…than a slideshow is worth a million blog posts. For all of you who have made the request, here is a selection of images from our September 2007 trip.
September 2007 Trip
The day we depart is always one of mixed sentiment. On the one hand, we’re exhausted emotionally and physically. But on the other, we know just how much work is left to be done. This conundrum never fails to highlight the truly courageous in this post-Katrina daze…the citizens of New Orleans and the Gulf Coast.
Their commitment to community is a civic lesson we all have learned but perhaps have not always executed. The thanks we received, the hugs and handshakes we were honored with, all go right back to the people picking themselves up and building back their lives despite all the obstacles.
Thank you to the CulinaryCorps team for their compassion, hard-work and leadership. And thanks to our many generous sponsors and supporters who helped to get them there. The impact of the experience was evident. There is no doubt that these latest CulinaryCorps alum will go home and pay the experience forward – through words, actions and hopefully, good food.
There are days – after sixteen hours on your feet, a broken robocoup and a late arriving two-top demanding a well-done steak – when food is just not fun. Our day with Edible Schoolyard NOLA was not one of them.
Tasked with throwing the first-ever “Food Field Day” at Charter Middle School, we worked closely with former CulinaryCorps alum and current Edible Schoolyard Chef/Forager, April, to create a day of culinary exploration and excitement.
The Edible Schoolyard program is firmly rooted at Samuel Green Charter School, a few miles away from Charter. There at Green, murals abound, broccoli plants peak up from landscaped mounds and giant Weber grills remind everyone just why growing your own food can be so great. Having just opened in early September, Charter Middle School does not yet have any of the perks its sister school does.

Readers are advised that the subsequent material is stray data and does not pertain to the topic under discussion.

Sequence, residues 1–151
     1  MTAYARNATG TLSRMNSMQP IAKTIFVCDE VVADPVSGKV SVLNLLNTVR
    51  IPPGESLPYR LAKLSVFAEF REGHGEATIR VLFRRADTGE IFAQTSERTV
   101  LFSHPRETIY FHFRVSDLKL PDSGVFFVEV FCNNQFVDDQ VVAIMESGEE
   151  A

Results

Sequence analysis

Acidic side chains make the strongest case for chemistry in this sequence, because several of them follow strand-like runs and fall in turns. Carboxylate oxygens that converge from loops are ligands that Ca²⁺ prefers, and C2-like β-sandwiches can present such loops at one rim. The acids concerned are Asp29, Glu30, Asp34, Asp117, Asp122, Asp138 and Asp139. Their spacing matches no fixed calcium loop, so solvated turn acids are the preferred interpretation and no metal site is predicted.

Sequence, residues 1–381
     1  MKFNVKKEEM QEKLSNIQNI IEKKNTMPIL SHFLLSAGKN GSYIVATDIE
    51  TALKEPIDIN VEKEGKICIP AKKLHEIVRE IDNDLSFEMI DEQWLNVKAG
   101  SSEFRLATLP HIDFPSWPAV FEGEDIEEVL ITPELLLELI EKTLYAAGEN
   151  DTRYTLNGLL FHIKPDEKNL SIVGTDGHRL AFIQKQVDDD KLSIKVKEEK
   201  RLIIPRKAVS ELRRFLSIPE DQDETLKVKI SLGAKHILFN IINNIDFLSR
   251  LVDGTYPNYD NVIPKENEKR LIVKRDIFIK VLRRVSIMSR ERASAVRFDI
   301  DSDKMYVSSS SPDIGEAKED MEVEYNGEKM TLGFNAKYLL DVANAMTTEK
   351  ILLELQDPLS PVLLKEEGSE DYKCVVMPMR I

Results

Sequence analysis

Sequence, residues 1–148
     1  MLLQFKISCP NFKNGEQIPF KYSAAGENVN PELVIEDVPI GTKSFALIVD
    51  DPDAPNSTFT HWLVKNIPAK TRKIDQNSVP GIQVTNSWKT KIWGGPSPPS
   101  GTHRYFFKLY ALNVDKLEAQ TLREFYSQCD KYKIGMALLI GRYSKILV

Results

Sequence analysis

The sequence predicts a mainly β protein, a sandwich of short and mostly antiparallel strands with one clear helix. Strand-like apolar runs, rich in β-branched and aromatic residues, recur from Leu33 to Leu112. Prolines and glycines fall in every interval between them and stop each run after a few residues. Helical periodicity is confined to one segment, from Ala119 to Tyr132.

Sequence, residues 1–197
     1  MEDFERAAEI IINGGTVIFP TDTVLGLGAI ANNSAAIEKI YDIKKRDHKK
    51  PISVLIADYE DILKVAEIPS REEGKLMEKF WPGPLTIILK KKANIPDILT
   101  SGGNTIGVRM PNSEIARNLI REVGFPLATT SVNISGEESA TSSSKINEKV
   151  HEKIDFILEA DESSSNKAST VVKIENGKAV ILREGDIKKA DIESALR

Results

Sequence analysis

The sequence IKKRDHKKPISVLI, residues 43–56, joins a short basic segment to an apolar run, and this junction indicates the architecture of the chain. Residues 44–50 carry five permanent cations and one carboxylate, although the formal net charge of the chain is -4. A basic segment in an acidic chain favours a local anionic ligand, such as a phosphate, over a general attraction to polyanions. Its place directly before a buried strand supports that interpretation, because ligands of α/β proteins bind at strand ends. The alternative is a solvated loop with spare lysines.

To help launch the concept of eating healthy, colorful and tasty food, CulinaryCorps stepped in as the expert chefs. It is amazing what authority a white coat and some checked trousers can pull. The Field Day was designed around 5 food challenges and each grade that came to participate was divided into 5 teams accordingly. After completing each challenge, the team would get points for their performance, the one with most at the end of the event winning a $5 token to the Crescent City Farmers Market.
Not having been introduced to the Edible concept before, we were unsure of how engaged they would be with our eclectic activities. To our surprise, they couldn’t get enough. Drawing, tasting, matching, memorizing and creating like culinary champs, the laughter was as plentiful as the lessons. When the final whistle blew, the lunch we got to share with them was a reward all of its own. And the number of times we were asked to return again the next day, a reason to make it through our next split shift.
Cafe Reconcile is a unique non-profit organization in part because of the work that they do but also because of how long they have been doing it. Reconcile’s kitchen serves affordable meals cooked by at-risk youth with a curiosity about the culinary arts. This beacon of good food and mentorship has successfully operated on the same corner of Orthea Castle Haley for twenty years – an eon for any restaurant, let alone a non-profit organization.